Technology And Ramblings

Running Ansible Playbook On Windows And Linux Hosts In The Same Play

Tags: #Ansible

Note: Ansible has no native way to execute on remote Windows and Linux hosts in the same play.

Tested on Ansible version


Ansible was not designed in a way that allows managing different operating systems in the same play.
Still, in some cases, for convenience’s sake, there might be a need to manage both Windows and Linux hosts in the same play (personal example - playbook which manages backup scripts across a datacenter without knowing which operating system is installed on the host).

To manage both operating system types, we use Ansible’s group feature.
Configuring Ansible to manage Windows hosts is outside this post’s scope. Please refer to the official Ansible documentation.

Before continuing, make sure you configured the following:

By default, Ansible attempts to communicate with hosts via SSH, so we need to create an Ansible group (either in memory or in an inventory file) to set the connection to WinRM HTTP/S.

Once everything is configured, the easiest (but not the most accurate) way to discover a host’s operating system is by checking which port is accessible on the host.


Example of a playbook that attempts to discover the remote hosts’ operating system by attempting to connect the operating system management protocol port.
Assuming we pass a variable named input_hosts containing a list of the remote hosts.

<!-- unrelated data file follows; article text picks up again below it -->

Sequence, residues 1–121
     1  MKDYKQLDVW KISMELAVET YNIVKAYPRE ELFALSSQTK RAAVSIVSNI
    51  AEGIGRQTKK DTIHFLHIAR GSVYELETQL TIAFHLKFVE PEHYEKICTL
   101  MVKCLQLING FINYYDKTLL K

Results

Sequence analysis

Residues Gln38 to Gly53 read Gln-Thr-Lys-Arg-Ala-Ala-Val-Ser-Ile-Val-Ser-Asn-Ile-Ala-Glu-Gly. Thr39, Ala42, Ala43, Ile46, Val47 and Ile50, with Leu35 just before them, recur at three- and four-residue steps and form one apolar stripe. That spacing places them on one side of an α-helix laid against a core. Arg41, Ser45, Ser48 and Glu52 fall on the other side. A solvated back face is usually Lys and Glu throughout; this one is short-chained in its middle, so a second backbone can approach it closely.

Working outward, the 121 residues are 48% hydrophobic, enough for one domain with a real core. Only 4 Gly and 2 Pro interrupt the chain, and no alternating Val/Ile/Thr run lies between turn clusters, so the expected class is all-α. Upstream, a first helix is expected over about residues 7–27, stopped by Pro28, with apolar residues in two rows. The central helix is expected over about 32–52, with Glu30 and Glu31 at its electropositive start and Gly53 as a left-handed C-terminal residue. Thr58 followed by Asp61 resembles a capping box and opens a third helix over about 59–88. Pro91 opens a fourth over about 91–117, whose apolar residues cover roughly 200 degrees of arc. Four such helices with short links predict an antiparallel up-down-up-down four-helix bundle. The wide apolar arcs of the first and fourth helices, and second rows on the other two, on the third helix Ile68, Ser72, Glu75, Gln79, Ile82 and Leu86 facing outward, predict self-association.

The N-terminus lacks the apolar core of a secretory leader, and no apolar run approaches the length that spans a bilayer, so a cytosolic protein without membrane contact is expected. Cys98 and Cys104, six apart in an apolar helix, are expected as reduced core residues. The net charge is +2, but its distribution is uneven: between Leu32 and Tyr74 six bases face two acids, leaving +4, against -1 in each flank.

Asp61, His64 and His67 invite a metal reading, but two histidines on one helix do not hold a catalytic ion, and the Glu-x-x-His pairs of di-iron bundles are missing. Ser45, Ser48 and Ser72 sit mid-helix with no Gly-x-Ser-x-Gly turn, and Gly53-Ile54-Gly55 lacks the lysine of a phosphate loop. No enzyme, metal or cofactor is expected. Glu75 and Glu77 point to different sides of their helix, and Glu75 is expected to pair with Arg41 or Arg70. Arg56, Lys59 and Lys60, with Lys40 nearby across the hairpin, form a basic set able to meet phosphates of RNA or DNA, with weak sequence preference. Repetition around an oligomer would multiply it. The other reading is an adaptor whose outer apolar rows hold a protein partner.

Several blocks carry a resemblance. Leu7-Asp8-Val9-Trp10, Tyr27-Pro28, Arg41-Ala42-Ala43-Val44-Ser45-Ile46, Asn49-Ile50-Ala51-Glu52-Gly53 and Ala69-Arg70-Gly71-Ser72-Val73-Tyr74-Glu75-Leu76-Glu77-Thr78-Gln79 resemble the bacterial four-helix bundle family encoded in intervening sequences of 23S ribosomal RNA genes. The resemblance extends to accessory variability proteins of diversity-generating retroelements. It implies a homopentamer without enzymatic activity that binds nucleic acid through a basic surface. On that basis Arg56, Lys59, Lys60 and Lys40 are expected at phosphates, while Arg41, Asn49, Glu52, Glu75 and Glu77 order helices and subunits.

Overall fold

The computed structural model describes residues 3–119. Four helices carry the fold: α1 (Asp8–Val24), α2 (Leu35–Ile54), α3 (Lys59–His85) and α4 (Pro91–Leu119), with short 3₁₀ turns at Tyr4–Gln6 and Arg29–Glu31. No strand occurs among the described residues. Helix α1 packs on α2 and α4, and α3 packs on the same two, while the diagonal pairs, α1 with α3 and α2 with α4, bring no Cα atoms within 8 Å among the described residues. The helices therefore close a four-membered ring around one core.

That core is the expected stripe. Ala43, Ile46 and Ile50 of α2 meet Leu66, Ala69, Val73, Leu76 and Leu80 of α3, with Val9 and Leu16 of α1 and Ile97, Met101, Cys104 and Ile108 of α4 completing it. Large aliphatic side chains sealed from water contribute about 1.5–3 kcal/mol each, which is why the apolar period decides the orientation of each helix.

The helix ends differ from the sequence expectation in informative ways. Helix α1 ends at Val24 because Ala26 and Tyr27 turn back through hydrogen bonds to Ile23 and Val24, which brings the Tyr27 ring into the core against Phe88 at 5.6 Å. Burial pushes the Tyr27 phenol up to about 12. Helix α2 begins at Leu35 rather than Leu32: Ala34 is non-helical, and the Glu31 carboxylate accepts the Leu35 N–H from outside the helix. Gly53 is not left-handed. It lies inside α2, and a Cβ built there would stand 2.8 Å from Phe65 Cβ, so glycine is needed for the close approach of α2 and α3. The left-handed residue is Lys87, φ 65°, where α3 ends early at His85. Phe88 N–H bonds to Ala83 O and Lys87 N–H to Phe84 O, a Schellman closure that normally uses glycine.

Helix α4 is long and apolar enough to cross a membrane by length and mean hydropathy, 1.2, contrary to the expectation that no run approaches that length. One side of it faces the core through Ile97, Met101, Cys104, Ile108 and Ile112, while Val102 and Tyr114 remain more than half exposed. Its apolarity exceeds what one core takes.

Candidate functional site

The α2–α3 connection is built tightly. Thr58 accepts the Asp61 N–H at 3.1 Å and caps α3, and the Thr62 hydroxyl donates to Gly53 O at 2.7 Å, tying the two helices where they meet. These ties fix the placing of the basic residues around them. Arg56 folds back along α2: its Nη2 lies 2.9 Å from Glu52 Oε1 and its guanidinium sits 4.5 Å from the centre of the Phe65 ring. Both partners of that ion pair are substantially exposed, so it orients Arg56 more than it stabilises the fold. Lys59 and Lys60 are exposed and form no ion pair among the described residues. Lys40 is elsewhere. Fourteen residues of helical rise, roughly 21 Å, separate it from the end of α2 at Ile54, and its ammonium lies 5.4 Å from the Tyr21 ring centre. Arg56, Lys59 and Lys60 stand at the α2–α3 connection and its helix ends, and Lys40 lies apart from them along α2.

# We execute the tasks on our Ansible host to check if they can reach the remote hosts
- hosts: localhost
  # Don't gather facts about localhost
  gather_facts: false
  # Check port 22(SSH) for connectivity
  - name: Attempt to connect via SSH
    # Module which attempts to open socket
      host: {{ item }}
      # Attempt to connect to port 22
      port: 22
      # Timeout after 3 seconds
      timeout: 3
    # Ignore errors that occurred in the run
    ignore_error: true
    # Assign the result to a variable
    register: ssh_connectivity
    # Itterate over the variable input_hosts
    with_items: {{ input_hosts }}

  # Check port 5985(WinRM HTTP)/5986(WinRM HTTPS) for connectivity
  - name: Attempt to connect via WinRM
    # Module which attempts to open socket
      host: {{ item }}
      # Attempt to connect to port 5985
      port: 5985
      timeout: 3
    ignore_error: true
    register: winrm_connectivity
    with_items: "{{ input_hosts }}"

  - name: Populate Linux hosts group
    # Add host to Ansible's in-memory group
      name: "{{ item.item }}"
      groups: Linux
    # Add to group only if succeeded in connecting to port 22
    when: item.state = "started"
    # Itterate over connectivity results
    with_items: "{{ ssh_connectivity.results }}"

  - name: Populate Windows hosts group
    # You can configure the necessary parameters for the Windows group here instead of in an inventory file
      name: "{{ item.item }}"
      groups: Windows
    when: item.state = "started"
    with_items: "{{ winrm_connectivity.results }}"

- hosts: Linux
  ......play tasks.......

- hosts: Windows
  ......play tasks.......

It’s possible to consolidate those tasks into a role so they can be invoked and reused efficiently.


There are a few downsides to using this approach:

In conclusion, it’s not always the most efficient way to attempt to manage Windows and Linux hosts with the same playbook, it depends on your use cases.

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